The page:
View Full Version : "I have the heart of a 21-year-old Army Ranger war hero beating in me."

Play The Man
08-10-2009, 05:08 AM


Cpl. Benjamin Kopp gave his life. And then he saved one.

An Army Ranger who had been on his third tour of duty, Kopp was buried Friday at Arlington National Cemetery. Sadly, it's a familiar story: a young man dead before his time, shot by enemies on the other side of the world.

But this time, there was a renewed life too. Kopp wanted to be an organ donor.

And after he died, his heart was transplanted into a family member's friend who had a rare form of congenital heart disease.

"How can you have a better heart?" said a grateful Judy Meikle, 57, of Winnetka, Ill., who is still recovering from the surgery. "I have the heart of a 21-year-old Army Ranger war hero beating in me."

Kopp's mother, Jill Stephenson, of Rosemount, Minn., said that in addition to her son's heart, doctors removed his kidneys, pancreas and liver for transplant.

Kopp had served two tours of duty in Iraq when he left this spring for Afghanistan. On July 10, his unit attacked a Taliban haven in Helmand province, according to the 75th Ranger Regiment. The fight lasted several hours, resulting in the deaths of more than 10 Taliban fighters, but Kopp was shot in the leg.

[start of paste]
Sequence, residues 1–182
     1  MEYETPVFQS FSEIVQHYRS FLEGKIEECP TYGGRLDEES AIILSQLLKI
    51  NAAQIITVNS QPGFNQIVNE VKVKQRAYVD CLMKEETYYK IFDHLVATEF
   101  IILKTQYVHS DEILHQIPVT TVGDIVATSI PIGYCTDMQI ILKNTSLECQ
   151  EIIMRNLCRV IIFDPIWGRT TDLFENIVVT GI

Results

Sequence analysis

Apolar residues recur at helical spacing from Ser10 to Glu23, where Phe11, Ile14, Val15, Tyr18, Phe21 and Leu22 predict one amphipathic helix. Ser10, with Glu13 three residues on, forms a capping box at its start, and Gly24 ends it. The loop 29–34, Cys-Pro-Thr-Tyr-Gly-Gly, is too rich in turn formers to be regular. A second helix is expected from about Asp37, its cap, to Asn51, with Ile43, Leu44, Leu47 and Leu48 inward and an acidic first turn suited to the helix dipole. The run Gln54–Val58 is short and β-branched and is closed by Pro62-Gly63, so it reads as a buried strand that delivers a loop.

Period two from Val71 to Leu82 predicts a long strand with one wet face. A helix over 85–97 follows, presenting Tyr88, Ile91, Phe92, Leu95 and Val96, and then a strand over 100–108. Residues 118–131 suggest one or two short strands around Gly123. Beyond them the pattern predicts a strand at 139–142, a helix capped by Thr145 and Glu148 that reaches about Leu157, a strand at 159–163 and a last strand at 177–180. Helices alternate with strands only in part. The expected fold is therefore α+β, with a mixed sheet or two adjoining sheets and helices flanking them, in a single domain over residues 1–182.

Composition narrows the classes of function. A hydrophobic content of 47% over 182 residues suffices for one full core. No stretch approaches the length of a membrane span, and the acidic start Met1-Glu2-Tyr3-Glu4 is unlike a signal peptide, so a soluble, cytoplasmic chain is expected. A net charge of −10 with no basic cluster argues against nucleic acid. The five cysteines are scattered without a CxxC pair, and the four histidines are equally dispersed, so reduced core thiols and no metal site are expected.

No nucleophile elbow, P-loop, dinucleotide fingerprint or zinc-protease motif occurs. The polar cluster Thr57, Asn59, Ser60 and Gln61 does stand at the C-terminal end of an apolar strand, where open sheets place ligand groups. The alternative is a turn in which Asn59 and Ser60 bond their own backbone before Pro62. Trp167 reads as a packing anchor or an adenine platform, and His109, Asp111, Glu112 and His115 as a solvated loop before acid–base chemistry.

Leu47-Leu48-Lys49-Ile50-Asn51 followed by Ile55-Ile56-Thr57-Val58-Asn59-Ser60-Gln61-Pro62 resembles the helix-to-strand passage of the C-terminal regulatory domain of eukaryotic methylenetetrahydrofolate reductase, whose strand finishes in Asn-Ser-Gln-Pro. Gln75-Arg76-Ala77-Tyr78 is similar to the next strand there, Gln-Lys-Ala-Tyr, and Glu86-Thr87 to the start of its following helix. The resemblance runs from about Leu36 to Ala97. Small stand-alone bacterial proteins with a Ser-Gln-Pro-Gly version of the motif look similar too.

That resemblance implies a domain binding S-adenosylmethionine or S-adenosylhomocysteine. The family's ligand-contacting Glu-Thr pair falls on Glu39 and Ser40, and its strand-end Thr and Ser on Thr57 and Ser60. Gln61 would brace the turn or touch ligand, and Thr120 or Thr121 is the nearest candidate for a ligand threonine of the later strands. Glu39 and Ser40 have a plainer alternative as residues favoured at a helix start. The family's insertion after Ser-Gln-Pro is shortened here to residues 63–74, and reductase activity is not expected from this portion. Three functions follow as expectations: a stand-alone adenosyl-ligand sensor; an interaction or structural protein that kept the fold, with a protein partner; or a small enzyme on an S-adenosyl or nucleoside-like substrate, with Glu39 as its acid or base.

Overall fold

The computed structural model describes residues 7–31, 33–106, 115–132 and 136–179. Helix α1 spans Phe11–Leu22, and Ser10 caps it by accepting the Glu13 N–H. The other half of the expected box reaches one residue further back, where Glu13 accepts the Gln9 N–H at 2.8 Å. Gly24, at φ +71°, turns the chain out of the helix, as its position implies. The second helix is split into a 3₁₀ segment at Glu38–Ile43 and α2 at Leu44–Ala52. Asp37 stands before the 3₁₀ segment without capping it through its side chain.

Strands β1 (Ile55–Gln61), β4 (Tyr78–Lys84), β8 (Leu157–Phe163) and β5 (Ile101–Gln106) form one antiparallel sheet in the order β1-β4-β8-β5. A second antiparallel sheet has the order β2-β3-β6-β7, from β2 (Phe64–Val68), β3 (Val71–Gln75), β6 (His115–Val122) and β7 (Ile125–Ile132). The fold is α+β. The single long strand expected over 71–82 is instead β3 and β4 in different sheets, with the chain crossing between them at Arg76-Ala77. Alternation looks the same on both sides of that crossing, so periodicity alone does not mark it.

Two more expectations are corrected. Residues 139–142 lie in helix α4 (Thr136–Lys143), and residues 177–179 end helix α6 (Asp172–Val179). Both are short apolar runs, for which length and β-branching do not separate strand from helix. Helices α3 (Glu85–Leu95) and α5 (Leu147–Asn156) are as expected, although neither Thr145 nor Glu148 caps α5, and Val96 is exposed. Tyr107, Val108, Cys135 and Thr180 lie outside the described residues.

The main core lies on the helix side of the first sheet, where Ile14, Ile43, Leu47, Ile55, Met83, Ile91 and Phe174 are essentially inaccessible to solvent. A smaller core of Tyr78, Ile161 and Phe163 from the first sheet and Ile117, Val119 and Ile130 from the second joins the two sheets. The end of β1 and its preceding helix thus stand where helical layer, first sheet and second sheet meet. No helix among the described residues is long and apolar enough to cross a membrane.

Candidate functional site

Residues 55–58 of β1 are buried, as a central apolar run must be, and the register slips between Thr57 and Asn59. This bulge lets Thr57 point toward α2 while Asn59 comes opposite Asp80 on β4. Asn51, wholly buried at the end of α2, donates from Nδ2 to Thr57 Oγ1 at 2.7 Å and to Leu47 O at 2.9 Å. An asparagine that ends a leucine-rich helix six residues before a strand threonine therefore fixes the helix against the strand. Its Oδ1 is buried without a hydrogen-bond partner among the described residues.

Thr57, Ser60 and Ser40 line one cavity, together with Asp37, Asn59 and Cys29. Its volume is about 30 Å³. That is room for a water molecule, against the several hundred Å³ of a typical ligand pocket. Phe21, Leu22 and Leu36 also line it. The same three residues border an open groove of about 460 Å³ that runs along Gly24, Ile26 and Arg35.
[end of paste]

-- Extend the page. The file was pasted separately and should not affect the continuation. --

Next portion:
He was eventually transferred to Walter Reed Army Medical Center in Washington.

"Initially, it was really comforting to have him be there" on U.S. soil, Stephenson said. "And then it was tough to see him in that condition. . . . He looked like a big, strong guy. But he was full of tubes and cords and wires."

On July 18, Stephenson posted an online journal entry telling family and friends about Kopp's passing and said they would donate his organs.

Maria Burud, Stephenson's first cousin in Chicago, had been following Kopp's condition on the website. What occurred next was happenstance.

Burud and Meikle are friends who had worked together in the 1980s. Burud knew that Meikle needed a heart transplant, and Stephenson happened to see her cousin's message in time.

Meikle knew it might not work out, that Kopp's heart might not be a match.

"It's a million-to-one shot," she said.

It had taken her seven months to get on the eligibility list because she needed to build up a tolerance for heparin, a drug used to prevent blood clots during heart surgery.

But she got a call later that day from Northwestern Memorial Hospital in Chicago.

In the early hours of July 20 two days after Kopp died Meikle had her transplant surgery at Northwestern.

RIP Cpl. Benjamin Kopp. Thank you and your family for your incredible sacrifice.

08-10-2009, 05:51 AM
Very cool and fortunately many many people do this :)

08-10-2009, 10:08 PM
A Hero several times over!

08-10-2009, 10:10 PM
Beautiful story, thanks for sharing!